Discussion and Conclusion
As this review has shown, there are diverse frameworks and standards to evaluate educators’ digital competence. The analysis revealed that digital frameworks generally reflect the context of one country or region, although they can be used in many countries. For instance, ISTE (2008) standards were developed in the United States and raised the issues of teachers' growth, professionalism, and innovation (Tondeur et al., 2017). All 50 US states and several countries have adopted this framework. On the other side is Expertise NetWork for pre-service teachers, developed by Ghent University Association in Belgium. The development of the framework was carried out considering the Flemish context and relevance to stakeholders who work in this country (ENW AUGent, 2013).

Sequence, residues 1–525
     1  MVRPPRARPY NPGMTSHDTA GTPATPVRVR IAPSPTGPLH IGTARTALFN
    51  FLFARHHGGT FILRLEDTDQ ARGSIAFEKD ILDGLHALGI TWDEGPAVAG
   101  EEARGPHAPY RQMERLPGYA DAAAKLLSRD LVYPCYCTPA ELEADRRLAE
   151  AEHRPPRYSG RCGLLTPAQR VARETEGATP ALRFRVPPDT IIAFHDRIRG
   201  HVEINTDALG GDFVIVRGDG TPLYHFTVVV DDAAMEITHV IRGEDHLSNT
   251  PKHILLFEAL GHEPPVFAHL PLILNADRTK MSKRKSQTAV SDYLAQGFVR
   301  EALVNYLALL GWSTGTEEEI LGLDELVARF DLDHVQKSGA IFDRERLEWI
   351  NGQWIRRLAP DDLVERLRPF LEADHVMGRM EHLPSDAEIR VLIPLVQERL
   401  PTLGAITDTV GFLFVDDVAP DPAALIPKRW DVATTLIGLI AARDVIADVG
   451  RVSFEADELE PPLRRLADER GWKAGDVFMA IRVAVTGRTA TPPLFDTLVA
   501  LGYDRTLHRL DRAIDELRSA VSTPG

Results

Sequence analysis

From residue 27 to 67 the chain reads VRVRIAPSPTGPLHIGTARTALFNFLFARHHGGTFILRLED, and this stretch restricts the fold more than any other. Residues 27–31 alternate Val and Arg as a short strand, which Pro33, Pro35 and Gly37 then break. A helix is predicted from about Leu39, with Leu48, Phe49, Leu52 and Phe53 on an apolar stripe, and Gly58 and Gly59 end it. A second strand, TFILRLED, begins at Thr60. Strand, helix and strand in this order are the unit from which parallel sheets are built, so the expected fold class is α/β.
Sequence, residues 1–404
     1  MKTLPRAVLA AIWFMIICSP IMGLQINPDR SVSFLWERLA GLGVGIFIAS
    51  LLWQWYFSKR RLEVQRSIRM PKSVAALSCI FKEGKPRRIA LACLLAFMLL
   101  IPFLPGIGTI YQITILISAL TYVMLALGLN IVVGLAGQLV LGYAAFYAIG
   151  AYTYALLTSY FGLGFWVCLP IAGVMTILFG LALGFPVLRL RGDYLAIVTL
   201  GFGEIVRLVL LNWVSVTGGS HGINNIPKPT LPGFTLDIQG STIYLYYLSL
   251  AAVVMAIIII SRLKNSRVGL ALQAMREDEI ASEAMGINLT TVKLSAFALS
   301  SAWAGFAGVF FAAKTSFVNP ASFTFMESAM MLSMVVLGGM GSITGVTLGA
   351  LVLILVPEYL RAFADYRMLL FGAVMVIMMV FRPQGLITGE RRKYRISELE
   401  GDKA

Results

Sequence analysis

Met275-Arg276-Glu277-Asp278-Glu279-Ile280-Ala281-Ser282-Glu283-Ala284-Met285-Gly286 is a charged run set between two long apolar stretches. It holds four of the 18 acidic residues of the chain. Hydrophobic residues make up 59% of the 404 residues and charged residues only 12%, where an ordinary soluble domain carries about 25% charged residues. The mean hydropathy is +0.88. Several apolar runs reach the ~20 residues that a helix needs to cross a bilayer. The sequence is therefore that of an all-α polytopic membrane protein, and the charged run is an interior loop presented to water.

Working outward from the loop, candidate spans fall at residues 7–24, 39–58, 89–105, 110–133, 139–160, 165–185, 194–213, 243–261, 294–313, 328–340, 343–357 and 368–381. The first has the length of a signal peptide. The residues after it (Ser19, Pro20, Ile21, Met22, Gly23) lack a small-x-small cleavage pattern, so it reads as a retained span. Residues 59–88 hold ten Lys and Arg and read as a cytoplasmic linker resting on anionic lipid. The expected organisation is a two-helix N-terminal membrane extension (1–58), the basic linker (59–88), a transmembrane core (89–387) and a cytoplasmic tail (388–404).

Overall, three digital competence frameworks were revealed for pre-service teachers in this literature review. Among them, as Milutinović (2019) mentioned UNESCO ICT Competency Framework (2011) and the ISTE standards (2008). UNESCO ICT-CFT is the international framework applied to many global contexts (Zervas et al., 2014). UNESCO ICT CFT is central for many countries worldwide, including revising the national curriculum standards for teacher training. UNESCO ICT CFT has proven to be effective in some countries (especially in developing nations), transformative, and relatively cost-effective in creating its pedagogical strategy (Butcher et al., 2014). However, UNESCO ICT CFT is a theoretical framework that requires contextualization for the individual country that adopts it (Ministry of Education and Vocational Training, & UNESCO Office Dar es Salaam, 2015). Besides, a case study in Tanzania revealed that teachers had moved beyond basic understanding and use of ICT tools. They need competencies to properly apply technology in the classroom to improve teaching and learning (Mtebe, 2020). Mtebe (2020) concludes that teacher training courses should be aimed at developing technical and pedagogical skills for integrating ICT in schools. At the same time, UNESCO ICT-CFT can be used as the foundation for teachers to define and regulate their digital competencies (Mtebe, 2020). Therefore, this framework is not entirely suitable for application in the context of the training of future teachers since the level of digital competencies has grown significantly, and the digital pedagogical competence of prospective teachers has become a new requirement of the time.